On Prayer

It’s a cliché, maybe not a very helpful, to say that looking into the sky is a profound spiritual exercise, because it impresses the seeker with our planet’s smallness over against the vastness of space. We can scarcely imagine the distance to our own moon (about 240,000 miles) or sun (93 million), let alone light years or parsecs. Only yesterday, in the twentieth century, did we learn of uncounted galaxies beyond the one that contains our sun.

All true enough, but suppose we turn the insight around, and contemplate the Psalmist’s question: What is man, that thou art mindful of him? (Psalm 8:4) Now we are in the realm of theology not astronomy. Here we come up with a different insight—or the same insight with a different meaning. If we read back to former times, we find that our forebears confronted their smallness as clearly as we do. “What is man?” to them was a serious worry, which they carried with them to the New World. Why would the Creator God bother with such a vexatious creature; one who has disappointed him throughout their history together?

Darkness Behind Darkness

But the Owl digresses. Back to looking at the sky. Once the Owl found himself at a cocktail party to which a guest had brought his ten-inch reflecting telescope. It was a dark night miles from any city, so we could see objects in the sky very well. Yet the most beautiful part of the image was the absolutely silent, black emptiness between the objects.

What has that to do with prayer? Just this: If your eyes are like most others, when you close them they produce tiny colored scintillae of light. When my father tried to pray, he wanted these dancing lights to cohere into an image of some sort, which he thought somehow would represent God. He was furiously angry when they would not. He thought that disproved the reality of faith.

But what of the dark, the darkness behind the dancing lights, and the dark that resides in our heads? There is another darkness outside. It does not dome from inside ourselves. It is an objective reality. You have to have a telescope to see it. It stays there whether we are looking at it or not, and if you do, you need a certain skill to concentrate on it.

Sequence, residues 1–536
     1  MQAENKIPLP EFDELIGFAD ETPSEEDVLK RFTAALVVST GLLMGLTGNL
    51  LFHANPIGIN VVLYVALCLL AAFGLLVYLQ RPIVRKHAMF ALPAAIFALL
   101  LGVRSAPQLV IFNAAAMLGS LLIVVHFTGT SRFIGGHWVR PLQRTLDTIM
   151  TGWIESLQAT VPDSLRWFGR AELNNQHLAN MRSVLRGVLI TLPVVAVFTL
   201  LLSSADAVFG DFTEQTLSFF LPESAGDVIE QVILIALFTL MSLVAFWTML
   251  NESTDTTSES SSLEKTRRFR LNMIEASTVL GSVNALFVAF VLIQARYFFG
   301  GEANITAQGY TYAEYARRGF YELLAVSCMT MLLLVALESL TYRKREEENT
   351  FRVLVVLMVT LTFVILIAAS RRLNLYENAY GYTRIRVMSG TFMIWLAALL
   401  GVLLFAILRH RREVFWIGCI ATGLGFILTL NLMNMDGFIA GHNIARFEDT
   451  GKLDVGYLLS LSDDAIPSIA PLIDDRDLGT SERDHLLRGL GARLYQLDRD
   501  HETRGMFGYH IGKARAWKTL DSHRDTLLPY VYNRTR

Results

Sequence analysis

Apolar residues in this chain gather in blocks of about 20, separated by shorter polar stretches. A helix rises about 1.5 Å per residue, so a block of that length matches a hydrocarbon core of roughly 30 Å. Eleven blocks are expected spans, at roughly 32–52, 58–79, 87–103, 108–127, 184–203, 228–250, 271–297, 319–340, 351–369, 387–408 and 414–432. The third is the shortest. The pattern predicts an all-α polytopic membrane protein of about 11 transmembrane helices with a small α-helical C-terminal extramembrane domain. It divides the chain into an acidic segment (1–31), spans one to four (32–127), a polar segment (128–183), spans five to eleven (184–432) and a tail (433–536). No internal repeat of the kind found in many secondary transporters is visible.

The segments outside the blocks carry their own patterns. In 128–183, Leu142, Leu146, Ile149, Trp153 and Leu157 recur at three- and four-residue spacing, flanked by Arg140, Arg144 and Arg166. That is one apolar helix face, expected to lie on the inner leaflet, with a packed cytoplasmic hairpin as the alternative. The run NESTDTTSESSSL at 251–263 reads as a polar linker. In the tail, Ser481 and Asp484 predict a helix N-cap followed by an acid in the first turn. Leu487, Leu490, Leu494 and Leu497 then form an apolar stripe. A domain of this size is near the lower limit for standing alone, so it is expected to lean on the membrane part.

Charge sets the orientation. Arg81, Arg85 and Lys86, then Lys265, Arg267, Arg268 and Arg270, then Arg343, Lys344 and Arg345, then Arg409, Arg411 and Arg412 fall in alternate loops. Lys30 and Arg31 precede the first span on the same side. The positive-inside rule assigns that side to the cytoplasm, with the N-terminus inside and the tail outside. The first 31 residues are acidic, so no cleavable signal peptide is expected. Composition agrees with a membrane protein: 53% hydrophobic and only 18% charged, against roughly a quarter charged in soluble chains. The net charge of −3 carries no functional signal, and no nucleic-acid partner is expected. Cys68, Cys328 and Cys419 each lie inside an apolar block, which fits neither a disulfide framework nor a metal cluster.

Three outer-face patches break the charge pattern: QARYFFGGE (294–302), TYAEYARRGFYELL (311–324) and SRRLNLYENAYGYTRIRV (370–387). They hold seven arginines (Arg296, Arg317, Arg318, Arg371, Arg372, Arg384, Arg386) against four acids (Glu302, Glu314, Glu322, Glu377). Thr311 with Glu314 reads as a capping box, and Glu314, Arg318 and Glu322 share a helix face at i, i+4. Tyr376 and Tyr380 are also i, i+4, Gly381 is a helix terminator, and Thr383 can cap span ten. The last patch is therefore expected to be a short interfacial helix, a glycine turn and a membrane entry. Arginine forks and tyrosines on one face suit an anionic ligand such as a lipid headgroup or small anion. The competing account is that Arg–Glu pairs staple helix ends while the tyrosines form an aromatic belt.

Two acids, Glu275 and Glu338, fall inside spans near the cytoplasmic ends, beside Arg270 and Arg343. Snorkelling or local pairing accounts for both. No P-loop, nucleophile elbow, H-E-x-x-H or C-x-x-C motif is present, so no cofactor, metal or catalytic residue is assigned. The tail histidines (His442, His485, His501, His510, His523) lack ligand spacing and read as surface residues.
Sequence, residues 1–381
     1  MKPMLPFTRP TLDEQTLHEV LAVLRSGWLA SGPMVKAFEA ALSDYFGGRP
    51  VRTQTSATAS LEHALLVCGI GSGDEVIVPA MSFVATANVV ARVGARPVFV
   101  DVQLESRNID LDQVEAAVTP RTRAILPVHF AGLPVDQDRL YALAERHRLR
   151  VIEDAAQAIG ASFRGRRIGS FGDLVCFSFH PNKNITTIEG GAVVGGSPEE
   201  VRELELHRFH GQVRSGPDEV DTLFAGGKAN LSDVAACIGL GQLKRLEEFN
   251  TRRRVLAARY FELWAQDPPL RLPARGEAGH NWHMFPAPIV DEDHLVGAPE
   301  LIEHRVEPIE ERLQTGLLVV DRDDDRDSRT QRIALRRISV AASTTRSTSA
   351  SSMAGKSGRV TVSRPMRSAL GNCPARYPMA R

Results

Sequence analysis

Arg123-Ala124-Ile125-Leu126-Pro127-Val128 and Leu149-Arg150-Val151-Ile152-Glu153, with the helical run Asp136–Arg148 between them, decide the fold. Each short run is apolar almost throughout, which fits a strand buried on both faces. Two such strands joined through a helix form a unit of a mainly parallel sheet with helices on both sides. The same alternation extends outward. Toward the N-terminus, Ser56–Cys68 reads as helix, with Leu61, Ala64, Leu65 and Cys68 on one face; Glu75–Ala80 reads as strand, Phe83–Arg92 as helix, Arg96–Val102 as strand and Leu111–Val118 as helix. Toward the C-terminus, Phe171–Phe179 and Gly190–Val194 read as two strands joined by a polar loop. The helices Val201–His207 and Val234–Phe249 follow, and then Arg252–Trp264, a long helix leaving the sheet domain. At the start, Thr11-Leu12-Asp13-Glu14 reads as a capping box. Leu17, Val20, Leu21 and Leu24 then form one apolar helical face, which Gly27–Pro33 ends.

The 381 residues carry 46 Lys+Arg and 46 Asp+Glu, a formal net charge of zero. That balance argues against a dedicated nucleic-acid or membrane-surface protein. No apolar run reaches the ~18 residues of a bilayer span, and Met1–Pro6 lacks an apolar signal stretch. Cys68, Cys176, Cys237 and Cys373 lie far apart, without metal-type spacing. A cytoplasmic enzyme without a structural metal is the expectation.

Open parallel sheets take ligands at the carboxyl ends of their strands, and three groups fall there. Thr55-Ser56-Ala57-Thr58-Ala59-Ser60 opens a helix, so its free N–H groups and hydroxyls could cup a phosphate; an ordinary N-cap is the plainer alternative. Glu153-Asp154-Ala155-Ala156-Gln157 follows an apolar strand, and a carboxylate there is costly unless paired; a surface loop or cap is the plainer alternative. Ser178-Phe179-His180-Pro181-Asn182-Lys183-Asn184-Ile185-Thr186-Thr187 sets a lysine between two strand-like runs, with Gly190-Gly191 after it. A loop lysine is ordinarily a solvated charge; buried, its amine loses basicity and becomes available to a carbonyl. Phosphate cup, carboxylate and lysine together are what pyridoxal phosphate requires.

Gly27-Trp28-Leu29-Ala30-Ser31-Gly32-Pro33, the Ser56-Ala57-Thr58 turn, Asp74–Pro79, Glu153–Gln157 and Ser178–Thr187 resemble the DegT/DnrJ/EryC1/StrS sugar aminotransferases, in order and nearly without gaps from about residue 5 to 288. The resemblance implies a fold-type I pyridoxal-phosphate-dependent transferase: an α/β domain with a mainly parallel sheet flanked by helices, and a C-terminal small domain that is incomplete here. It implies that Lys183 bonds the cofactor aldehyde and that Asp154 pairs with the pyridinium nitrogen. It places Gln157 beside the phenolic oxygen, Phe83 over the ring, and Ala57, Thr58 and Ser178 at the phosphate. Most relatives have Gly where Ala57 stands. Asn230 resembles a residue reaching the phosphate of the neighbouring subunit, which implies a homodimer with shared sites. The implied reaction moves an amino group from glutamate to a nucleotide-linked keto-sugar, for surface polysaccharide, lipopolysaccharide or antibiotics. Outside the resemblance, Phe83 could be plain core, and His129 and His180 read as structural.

Silence Behind Silence

And the darkness is not only dark, it is silent. Whatever noise may come to the ears from the surrounding cocktail party, or from the ears themselves, ringing annoyingly, there is silence behind that noise. One can ignore the ambient foreground and listen for that silence.

The Owl has written elsewhere about Mother Teresa’s prayers. What does she say to God? “Nothing. I listen.” What does God say to her? “He listens too.” The silences meet. For that kind of prayer to occur, the chattering monkey has to be stopped.

Anybody who has tried to stop the intracranial chatter knows it is hard to do. Allow the Owl to offer an observation that might help. It turns out, at least for him, that the chattering is usually an imagined conversation, not with God but often with some friend or vexing person from the work day. At leisure, I make my perfect riposte and squash the other fellow flat. This can go on for hours, it’s so much fun.

Now notice: when we hold conversation, the facial muscles are active. When we listen they slow down. If one wants to be extra attentive to one’s friends, one can stop the facial movements almost completely. This works with God too. Not that he needs to be impressed by my attentive attitude, but if I listen, the monkey shuts up, or at least settles down some.

This is something anybody can try: Do your forehead and other facial muscles stops moving when you stop talking, or stop imagining talking. Now try it the other way around; if you relax those muscles carefully, isn’t the chattering monkey defeated a little more easily, maybe only for a few seconds at first.

Another bit of modern technology, probably cheaper than a telescope, is a galvanic skin response monitor. One can apply it to the forehead, and it will produce a tone or a buzz when the muscles below are tense. One can relax them, with difficulty at first, to make the noise go away. It will probably surprise the user to find out what relaxation feels like.

If this makes any sense, one may find it possible to listen for the silence behind silence; a sound more beautiful than music.

Anything to do with Prayer?

What has any of this to do with prayer? I don’t know. There are some studies of the physical effects of prayer upon people who practice meditation and prayer: reduced blood pressure, less cardiac arrhythmia, etc. The Owl has no knowledge about those things. In fact, he has doubts about the efficacy of prayer if those effects are the goal. For what has that to do with communion with God? What of the prayers of saints when their physical well-being is violently attacked? Maybe that’s something to ask God in prayer.

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